Say it isn't so! Will there never be another "Kodak moment?"
Eastman Kodak Co, the inventor of the digital camera, plans to get out of the camera business in the first half of this year as the bankrupt company looks to cut costs.
Kodak will stop selling digital cameras along with pocket video cameras and digital picture frames. It also will stop making film. However, that won't make much of a difference as the sale of film has become almost non-existent in recent years. The cost of keeping the film factories open probably exceeds the revenue produced by dwindling sales.
Want to buy some microfilm so that your society can create microfilms of old records? Sorry, Kodak won't be selling any. In fact, almost all of Kodak's competitors have also stopped making microfilm. Kodak pioneered microfilm to image checks in the 1920s and continued to develop the technology for decades. Although once a leader in the field of microimaging, Kodak suffered financially as sales of microfilm and associated hardware slowed to a trickle, only to be replaced by cheaper digital technologies. Now all manufacture of microfilm has ceased.
Kodak filed for bankruptcy protection last month and management has now announced a reorganization in order to save the company. The latest announcement states that getting out of cameras will result in "significant" job losses. Most of the 400 people in that business are based in Rochester, New York, and work in research and development and marketing.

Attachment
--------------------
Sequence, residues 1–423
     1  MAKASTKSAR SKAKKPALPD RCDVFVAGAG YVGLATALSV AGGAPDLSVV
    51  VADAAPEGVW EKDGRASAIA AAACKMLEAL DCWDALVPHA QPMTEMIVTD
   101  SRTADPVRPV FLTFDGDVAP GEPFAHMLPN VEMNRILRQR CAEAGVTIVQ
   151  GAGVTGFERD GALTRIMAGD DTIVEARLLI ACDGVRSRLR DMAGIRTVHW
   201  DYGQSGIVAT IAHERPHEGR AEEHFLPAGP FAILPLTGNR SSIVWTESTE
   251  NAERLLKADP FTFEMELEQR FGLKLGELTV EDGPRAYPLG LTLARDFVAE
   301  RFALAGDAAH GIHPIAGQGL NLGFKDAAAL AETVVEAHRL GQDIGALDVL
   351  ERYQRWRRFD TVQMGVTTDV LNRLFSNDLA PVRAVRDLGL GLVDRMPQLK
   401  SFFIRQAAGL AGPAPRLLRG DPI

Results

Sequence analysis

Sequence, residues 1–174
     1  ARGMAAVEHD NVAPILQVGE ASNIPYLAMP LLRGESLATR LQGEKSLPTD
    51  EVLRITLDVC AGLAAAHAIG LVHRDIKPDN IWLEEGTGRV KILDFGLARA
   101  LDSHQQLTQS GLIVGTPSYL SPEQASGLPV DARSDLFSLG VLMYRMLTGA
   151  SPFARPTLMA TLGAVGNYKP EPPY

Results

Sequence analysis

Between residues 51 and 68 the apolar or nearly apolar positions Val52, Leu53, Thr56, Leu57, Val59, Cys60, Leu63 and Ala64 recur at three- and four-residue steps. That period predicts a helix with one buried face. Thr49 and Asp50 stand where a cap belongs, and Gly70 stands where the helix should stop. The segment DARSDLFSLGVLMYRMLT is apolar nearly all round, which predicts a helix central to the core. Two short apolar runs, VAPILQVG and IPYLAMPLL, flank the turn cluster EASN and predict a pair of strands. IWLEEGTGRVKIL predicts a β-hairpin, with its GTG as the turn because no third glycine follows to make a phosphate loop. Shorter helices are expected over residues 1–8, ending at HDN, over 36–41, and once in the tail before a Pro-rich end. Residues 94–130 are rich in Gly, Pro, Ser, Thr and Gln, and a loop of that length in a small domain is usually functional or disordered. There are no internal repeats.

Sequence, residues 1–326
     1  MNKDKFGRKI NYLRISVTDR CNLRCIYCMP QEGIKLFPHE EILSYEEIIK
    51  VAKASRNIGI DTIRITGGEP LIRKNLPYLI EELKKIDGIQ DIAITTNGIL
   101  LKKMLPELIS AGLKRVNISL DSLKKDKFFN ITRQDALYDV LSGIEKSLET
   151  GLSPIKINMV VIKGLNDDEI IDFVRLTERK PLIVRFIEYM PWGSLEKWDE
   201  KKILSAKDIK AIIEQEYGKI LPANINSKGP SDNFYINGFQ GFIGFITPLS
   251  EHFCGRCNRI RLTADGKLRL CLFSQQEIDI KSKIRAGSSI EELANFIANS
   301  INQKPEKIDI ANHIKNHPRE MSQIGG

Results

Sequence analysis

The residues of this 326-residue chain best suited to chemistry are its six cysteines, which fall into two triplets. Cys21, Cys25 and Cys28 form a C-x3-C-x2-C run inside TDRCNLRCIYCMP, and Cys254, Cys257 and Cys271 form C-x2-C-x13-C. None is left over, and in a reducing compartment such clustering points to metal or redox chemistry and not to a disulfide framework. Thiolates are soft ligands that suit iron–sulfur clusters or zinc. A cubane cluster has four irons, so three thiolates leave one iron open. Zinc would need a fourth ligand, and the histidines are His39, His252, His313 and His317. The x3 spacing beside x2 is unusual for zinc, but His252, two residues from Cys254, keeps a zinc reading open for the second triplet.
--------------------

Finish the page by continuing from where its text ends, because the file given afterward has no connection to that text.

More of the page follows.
Kodak once employed more than 60,000 people. That number now is believed to be about 18,000 and undoubtedly will drop further as the bankruptcy reorganization plans are put into place.
Instead of designing its own cameras, Kodak will now try to license its brand to other camera makers. You might see the Kodak name in the future but the digital cameras will not be designed, manufactured, or sold by Eastman Kodak.
The company plans to focus on manufacturing its profitable digital printers.
Kodak cameras once included the Brownie which cost $1 when it was introduced in 1900. The Brownie was updated every few years and remained popular for more than 60 years. I still have the Brownie I had as a child, although film has not been available for several years. In 1963, Kodak introduced the Instamatic, another very popular product.
A Kodak camera was used on the Apollo 11 mission in 1969. NASA said that a Kodak camera was used by the astronauts to film lunar soil from only inches away.
Kodak film has been used on 80 movies that have won Best Picture Oscars, according to the company.
Kodak now depends on digital technology for three-quarters of its revenue.
I wonder what my very distant relative, George Eastman, would say about all this. He founded the company in 1880. He and his mother devised the name Kodak with an Anagrams set. Eastman said that there were three principal concepts he used in creating the name: it should be short, one cannot mispronounce it, and it could not resemble anything or be associated with anything but Kodak.
Of course, the demise of photography and microfilm at Kodak isn't new. The same thing happened at Polaroid a few years ago. Almost all other film and microfilm companies have abandoned their older film products and have either gone bankrupt or have switched to digital products.
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